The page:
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What adaptations and equipment help with cooking after a spinal cord injury?

What adaptations and equipment help with cooking after a spinal cord injury?

Sarah Harrison, OT

Occupational Therapist, Craig Hospital, Colorado

Read Bio More Videos by Sarah Harrison
Transcript
Depending on what level of spinal cord injury you have—let’s say you have a C7 or C6 injury where you don’t necessarily have control of your fingers—we use  a lot of rocker knifes to cut things. I also do a lot of adaptations to scissors to ... Show More

Depending on what level of spinal cord injury you have—let’s say you have a C7 or C6 injury where you don’t necessarily have control of your fingers—we use  a lot of rocker knifes to cut things. I also do a lot of adaptations to scissors to help with managing different packaging that you might need to cook something. I also really, really like a tool called “The Gripper”. It’s a custom made, wrist activated reacher and that can be so helpful for getting items from high cabinetry, or even opening the refrigerator and getting something from the drawer. What it does is when you extend your wrist; it closes the end of the reacher. So it’s an awesome tool—it’s lightweight and it’s custom made to fit someone’s forearm and it’s made to put on on their own.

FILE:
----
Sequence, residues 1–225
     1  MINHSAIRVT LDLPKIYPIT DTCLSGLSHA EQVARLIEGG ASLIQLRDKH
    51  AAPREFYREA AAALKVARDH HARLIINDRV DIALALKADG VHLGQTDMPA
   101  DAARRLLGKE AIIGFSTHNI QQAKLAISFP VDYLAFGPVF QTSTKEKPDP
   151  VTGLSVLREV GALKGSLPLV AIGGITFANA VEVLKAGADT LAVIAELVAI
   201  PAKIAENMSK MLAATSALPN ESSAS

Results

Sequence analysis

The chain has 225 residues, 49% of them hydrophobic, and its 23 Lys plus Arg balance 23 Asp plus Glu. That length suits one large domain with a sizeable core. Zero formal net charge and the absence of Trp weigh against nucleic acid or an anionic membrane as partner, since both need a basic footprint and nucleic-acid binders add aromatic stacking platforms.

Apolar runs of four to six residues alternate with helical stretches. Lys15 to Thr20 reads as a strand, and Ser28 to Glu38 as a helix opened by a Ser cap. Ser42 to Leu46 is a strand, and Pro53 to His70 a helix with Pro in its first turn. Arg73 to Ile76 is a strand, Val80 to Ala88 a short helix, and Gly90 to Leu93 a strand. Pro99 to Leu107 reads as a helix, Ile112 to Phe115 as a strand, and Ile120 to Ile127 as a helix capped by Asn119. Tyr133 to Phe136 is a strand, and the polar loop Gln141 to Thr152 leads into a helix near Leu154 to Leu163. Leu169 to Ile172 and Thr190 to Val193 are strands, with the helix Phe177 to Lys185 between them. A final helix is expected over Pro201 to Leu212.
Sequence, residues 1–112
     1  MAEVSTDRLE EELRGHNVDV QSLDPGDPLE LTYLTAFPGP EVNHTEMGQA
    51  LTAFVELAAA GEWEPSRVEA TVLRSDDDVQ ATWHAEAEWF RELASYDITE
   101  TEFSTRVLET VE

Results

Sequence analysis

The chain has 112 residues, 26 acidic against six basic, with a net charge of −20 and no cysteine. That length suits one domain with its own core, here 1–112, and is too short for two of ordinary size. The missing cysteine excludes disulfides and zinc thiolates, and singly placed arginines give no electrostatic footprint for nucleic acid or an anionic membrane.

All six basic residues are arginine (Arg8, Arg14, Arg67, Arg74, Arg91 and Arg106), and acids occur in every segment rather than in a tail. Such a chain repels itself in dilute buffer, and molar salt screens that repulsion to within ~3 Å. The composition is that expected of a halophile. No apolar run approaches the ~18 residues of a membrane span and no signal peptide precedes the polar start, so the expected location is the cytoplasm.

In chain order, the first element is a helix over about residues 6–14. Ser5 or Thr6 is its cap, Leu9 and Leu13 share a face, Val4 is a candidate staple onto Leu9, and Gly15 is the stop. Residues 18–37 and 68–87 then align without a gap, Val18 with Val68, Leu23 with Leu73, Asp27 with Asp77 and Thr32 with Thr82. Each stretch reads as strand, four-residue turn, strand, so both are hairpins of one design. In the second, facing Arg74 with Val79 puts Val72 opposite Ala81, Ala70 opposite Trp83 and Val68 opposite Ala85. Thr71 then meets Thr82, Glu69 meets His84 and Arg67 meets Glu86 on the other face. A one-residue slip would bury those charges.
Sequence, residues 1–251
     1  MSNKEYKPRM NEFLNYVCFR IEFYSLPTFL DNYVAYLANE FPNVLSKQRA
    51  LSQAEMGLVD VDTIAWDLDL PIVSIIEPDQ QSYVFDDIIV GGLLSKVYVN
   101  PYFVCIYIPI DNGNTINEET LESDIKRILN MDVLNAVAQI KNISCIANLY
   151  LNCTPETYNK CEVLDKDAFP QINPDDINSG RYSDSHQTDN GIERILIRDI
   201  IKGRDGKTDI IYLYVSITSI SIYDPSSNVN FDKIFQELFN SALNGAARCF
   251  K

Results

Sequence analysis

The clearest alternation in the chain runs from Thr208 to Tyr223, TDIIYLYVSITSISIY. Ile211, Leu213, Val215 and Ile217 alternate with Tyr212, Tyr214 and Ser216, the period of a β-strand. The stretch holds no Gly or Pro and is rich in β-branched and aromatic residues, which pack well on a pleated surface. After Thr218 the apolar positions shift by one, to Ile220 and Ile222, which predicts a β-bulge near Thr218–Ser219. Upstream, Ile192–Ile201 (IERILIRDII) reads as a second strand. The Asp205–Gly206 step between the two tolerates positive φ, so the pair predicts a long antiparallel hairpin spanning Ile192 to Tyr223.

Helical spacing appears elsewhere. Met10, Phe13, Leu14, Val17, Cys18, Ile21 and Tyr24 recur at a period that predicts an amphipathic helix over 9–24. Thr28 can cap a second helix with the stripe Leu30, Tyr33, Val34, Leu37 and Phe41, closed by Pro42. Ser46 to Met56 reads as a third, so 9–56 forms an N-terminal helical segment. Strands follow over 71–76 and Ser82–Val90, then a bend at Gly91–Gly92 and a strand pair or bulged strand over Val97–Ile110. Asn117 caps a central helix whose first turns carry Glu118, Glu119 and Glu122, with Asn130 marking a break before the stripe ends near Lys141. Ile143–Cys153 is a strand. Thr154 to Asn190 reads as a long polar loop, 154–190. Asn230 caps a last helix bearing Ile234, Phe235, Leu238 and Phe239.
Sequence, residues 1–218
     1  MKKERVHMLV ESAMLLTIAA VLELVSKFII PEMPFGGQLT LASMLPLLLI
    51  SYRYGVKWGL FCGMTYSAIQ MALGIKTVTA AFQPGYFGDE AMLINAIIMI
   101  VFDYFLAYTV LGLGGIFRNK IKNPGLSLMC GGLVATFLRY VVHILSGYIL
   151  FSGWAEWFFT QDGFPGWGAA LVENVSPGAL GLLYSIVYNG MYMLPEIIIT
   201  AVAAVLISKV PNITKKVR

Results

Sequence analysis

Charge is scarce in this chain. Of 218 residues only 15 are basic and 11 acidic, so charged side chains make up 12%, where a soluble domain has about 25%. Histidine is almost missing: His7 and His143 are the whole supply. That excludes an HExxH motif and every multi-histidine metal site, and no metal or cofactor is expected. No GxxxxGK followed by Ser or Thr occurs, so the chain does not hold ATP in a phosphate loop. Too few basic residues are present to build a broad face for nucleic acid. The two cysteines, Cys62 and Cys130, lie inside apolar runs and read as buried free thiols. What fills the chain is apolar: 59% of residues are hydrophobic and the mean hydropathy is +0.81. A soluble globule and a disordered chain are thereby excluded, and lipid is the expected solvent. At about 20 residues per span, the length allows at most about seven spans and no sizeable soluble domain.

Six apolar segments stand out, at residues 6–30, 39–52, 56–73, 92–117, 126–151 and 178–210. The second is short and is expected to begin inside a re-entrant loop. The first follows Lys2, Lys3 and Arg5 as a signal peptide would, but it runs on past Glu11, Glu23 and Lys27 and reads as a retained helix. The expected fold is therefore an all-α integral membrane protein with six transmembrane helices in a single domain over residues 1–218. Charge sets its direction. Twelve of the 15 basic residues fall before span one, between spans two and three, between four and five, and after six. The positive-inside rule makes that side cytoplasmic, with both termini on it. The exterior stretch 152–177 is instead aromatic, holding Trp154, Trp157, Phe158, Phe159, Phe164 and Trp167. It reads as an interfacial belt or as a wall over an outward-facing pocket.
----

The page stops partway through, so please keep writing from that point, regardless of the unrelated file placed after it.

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What adaptations and equipment help with cooking after a spinal cord injury?

Sarah Harrison, OT

Occupational Therapist, Craig Hospital, Colorado

More Videos by Sarah Harrison
Transcriptadd

Depending on what level of spinal cord injury you have—let’s say you have a C7 or C6 injury where you don’t necessarily have control of your fingers—we use  a lot of rocker knifes to cut things. I also do a lot of adaptations to scissors to help with managing different packaging that you might need to cook something. I also really, really like a tool called “The Gripper”. It’s a custom made, wrist activated reacher and that can be so helpful for getting items from high cabinetry, or even opening the refrigerator and getting something from the drawer. What it does is when you extend your wrist; it closes the end of the reacher. So it’s an awesome tool—it’s lightweight and it’s custom made to fit someone’s forearm and it’s made to put on on their own.

 

What adaptations and equipment help with cooking after a spinal cord injury?
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